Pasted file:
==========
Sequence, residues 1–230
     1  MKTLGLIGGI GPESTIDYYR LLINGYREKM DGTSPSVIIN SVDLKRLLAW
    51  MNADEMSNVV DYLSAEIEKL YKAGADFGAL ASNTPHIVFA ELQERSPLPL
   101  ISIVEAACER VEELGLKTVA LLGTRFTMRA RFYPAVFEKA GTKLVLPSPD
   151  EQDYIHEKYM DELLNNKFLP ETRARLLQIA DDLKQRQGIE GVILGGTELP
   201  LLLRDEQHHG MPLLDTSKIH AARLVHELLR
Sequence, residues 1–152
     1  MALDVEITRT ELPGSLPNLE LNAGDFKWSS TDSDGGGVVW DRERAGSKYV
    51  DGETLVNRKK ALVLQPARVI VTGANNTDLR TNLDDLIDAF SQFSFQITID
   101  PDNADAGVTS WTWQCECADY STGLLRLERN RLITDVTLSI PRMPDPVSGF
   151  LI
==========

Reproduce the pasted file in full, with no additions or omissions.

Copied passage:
Sequence, residues 1–230
     1  MKTLGLIGGI GPESTIDYYR LLINGYREKM DGTSPSVIIN SVDLKRLLAW
    51  MNADEMSNVV DYLSAEIEKL YKAGADFGAL ASNTPHIVFA ELQERSPLPL
   101  ISIVEAACER VEELGLKTVA LLGTRFTMRA RFYPAVFEKA GTKLVLPSPD
   151  EQDYIHEKYM DELLNNKFLP ETRARLLQIA DDLKQRQGIE GVILGGTELP
   201  LLLRDEQHHG MPLLDTSKIH AARLVHELLR
Sequence, residues 1–152
     1  MALDVEITRT ELPGSLPNLE LNAGDFKWSS TDSDGGGVVW DRERAGSKYV
    51  DGETLVNRKK ALVLQPARVI VTGANNTDLR TNLDDLIDAF SQFSFQITID
   101  PDNADAGVTS WTWQCECADY STGLLRLERN RLITDVTLSI PRMPDPVSGF
   151  LI